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Photo: Shutterstock This is another installment in our series on the people behind the transformational court cases that affect Indigenous...
In January 2019, a situation arose in northern BC that brought to the public’s attention the fact that some Indigenous communities have two forms of leadership, hereditary and elected. The public also became aware that the two forms of government have different roles and responsibilities and that they may not necessarily agree.
The concept of two forms of leadership in one community had many asking “Why?” The simple answer is “The Indian Act.” The federal government began imposing European style elected leadership in 1869 to displace traditional political structures and sideline the influence of the hereditary leaders. Again you may ask “Why?” Because by sidelining hereditary chiefs the government believed they would effectively break the connection to traditions and culture thereby assisting the overall goal of assimilation. Some nations, however, have maintained their traditional or hereditary chief traditions so have both hereditary leader and elected chiefs.
The enforced European election process injected confusion and undermined and destroyed traditions that were as old as time itself. As I quote in my book 21 Things You May Not Know About The Indian Act:
“The Indian Act election system, in which the majority of our First Nation members still operate, has severely impacted the manner in which our societies traditionally governed themselves. It has displaced or attempted to displace our inherent authority as leaders and has eroded our traditions, culture, and belief systems. It does not reflect our needs or aspirations. It has also not kept pace with principles of modern and accountable governments.” Lawrence Paul, Co-Chair, Atlantic Policy Congress of First Nations Chiefs Secretariat, 2009
But don’t take my word for it. Carolyn Bennett, Minister of Crown-Indigenous Relations and Northern Development also lays blame on the Indian Act for confusion over who has the right to speak about land use:
"I think that we're in this transition, hopefully, transformation, to be able to get more and more communities out from under the Indian Act so that there isn't this question of who speaks for the community, as they choose a governance of their own making,” she says.
Minister Bennett goes on to talk about the plans the federal government has to assist Indigenous communities to return to self-government:
. . . the federal government is working to assist First Nations in building self-governance capacity, including through the new “Nation Rebuilding Program. . . the Indian Act, which imposed the elected band council structure on First Nations, had the effect of breaking up larger nations into “villages.” . . . The program is a way to counter that by recognizing self-defined Indigenous groups linked culturally, linguistically, geographically or along historical treaty lines . . .” 
The program is intended to provide support for communities that have decided to rebuild their nations as self-governing, self-determining, and self-sustaining. The funding, $101.5 million over five years, includes support to build capacity to return to self-government and to exercise their rights as self-governing nations. The maximum amount payable to any one recipient in any year cannot exceed $1,500,000 and payments are made based on a combination of a cash flow forecast from the recipient and predetermined milestones, such as progress reports.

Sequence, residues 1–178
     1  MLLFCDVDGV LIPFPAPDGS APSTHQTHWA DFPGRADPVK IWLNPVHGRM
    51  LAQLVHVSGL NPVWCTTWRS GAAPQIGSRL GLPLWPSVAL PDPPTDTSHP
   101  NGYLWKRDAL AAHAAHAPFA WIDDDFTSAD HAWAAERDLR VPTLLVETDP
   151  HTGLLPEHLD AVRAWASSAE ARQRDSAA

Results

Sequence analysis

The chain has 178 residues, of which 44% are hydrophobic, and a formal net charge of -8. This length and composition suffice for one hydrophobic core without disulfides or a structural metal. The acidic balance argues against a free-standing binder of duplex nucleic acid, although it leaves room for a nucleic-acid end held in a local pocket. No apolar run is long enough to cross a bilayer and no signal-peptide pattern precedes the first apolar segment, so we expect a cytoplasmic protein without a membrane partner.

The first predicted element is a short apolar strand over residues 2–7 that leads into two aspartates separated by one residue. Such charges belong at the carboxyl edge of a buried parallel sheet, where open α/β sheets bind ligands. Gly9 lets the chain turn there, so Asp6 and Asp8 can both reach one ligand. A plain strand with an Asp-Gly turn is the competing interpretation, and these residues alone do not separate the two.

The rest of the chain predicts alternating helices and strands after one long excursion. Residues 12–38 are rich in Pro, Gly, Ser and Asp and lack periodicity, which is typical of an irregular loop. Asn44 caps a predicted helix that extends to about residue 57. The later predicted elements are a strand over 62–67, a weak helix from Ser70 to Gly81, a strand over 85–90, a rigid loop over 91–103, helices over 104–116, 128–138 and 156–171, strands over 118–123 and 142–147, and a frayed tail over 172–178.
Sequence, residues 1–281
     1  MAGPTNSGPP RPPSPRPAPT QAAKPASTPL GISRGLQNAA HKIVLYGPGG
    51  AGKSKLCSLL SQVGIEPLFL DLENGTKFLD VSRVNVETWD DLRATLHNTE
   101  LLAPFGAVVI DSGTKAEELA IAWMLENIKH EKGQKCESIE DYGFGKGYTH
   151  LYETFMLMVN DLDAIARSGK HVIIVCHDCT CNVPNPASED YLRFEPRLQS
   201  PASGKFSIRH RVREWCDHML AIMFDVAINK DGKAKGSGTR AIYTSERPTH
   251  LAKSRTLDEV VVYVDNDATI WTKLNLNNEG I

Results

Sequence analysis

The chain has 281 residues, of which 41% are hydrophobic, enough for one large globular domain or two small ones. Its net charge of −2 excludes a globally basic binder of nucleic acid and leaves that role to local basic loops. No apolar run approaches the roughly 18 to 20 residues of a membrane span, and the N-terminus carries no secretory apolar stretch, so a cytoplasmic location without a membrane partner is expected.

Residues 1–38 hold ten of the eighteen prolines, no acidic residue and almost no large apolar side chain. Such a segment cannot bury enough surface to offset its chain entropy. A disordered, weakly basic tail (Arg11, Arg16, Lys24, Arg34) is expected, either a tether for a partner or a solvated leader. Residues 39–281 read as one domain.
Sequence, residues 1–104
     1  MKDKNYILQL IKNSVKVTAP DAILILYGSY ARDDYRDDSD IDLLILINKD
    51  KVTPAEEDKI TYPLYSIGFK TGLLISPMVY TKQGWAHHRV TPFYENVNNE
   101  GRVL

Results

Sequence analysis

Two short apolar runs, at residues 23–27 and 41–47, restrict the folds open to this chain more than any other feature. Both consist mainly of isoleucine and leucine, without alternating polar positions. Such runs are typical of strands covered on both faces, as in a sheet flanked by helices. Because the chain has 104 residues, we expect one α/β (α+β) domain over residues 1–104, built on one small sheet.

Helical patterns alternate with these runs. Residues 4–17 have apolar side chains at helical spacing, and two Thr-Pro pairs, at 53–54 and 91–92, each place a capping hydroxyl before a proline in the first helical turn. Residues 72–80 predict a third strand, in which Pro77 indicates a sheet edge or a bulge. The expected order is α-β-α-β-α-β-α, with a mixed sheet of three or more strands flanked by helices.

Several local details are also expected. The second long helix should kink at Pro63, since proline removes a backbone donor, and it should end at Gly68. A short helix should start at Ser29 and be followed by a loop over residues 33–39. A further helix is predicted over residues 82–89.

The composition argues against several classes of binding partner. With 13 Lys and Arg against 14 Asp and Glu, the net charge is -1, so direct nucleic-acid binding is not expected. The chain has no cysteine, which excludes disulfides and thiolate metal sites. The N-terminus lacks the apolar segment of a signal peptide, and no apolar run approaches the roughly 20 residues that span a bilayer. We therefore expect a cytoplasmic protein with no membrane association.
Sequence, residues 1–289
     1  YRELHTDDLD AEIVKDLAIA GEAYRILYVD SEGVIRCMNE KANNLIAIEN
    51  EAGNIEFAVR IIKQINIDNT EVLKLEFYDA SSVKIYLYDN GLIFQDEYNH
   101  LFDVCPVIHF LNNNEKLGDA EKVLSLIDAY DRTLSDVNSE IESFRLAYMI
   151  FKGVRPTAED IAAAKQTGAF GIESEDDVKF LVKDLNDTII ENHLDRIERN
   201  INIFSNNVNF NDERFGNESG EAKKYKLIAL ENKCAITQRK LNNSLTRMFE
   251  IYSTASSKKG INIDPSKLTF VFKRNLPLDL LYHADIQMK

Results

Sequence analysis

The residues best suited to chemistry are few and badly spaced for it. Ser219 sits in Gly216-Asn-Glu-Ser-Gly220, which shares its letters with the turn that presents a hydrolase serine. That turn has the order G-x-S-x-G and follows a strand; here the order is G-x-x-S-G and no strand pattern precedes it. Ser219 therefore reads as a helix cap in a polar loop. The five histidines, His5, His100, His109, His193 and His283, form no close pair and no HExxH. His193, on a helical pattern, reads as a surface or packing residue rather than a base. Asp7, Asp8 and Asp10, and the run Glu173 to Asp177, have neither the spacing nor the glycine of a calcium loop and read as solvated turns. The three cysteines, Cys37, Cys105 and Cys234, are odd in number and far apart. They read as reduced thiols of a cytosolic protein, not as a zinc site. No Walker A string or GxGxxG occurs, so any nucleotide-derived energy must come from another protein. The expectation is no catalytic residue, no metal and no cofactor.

Funding is available for initiatives that foster nationhood and support the rebuilding of nations as they move to self-government.
The ability of aggregated nations to take on greater sectoral responsibilities, thereby facilitating a phased-in approach to self-determination and ultimately self-governance;
Sense of unity amongst Indigenous nations;
Identification and agreement among members on priorities for action and approaches to issues;
Input to legislation, policies and programs so that they are more reflective of Indigenous perspectives;
Increase members' understanding, acceptance and support for the government's Aboriginal policies;
Reduction in the duplication of resolution of issues at individual Indian Act bands and Crown negotiation tables by addressing and resolving them at the nation-to-nation level; and
Improvements in the relations between Indigenous peoples and the federal government.” 
Overcoming 140-plus years of colonization and reviving self-governance institutions is not going to be easy or smooth sailing. The impacts of the Indian Act include loss of connection with traditional laws, practices, and traditional systems of governance, culture, and language. In some communities, the lineage of the hereditary leadership has simply died out, in many others, their elders, the keepers of knowledge about traditions, culture, language, and the land are ageing and many have passed on.
A return to self-government is not a panacea for all the deeply rooted issues Indigenous communities have struggled with since the Indian Act was imposed on them in 1876 struggle with but it is a significant step in that direction.
Getting back to the Nation Rebuilding Program, there has been little negative press about the program since it was announced in the fall of 2018, and at this point, two nations have applied for and been granted funding.
 Amy Smart, Indian Act’s leadership structure the cause of pipeline gridlock in northern B.C.: Bennett, Globe & Mail, January 25, 2019
 Government of Canada, Contributions to support the Indigenous Nation Rebuilding Initiative
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The Wetʼsuwetʼen protests in 2019 and 2020 were widely reported on and sparked public interest around one of many misconceptions of Hereditary Chiefs...